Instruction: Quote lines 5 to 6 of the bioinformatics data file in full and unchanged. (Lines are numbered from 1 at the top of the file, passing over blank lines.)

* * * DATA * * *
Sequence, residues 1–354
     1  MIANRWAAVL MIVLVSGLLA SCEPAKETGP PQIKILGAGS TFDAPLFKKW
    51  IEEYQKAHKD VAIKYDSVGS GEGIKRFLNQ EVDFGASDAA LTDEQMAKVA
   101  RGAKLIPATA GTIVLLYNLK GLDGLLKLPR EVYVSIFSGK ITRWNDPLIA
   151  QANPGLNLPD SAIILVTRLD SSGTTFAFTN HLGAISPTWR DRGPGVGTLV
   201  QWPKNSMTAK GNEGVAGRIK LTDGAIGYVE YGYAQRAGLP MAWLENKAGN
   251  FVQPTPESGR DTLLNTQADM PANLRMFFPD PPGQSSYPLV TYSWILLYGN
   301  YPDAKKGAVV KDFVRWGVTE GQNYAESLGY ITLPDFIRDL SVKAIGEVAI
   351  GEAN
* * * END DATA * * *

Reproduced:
   151  QANPGLNLPD SAIILVTRLD SSGTTFAFTN HLGAISPTWR DRGPGVGTLV
   201  QWPKNSMTAK GNEGVAGRIK LTDGAIGYVE YGYAQRAGLP MAWLENKAGN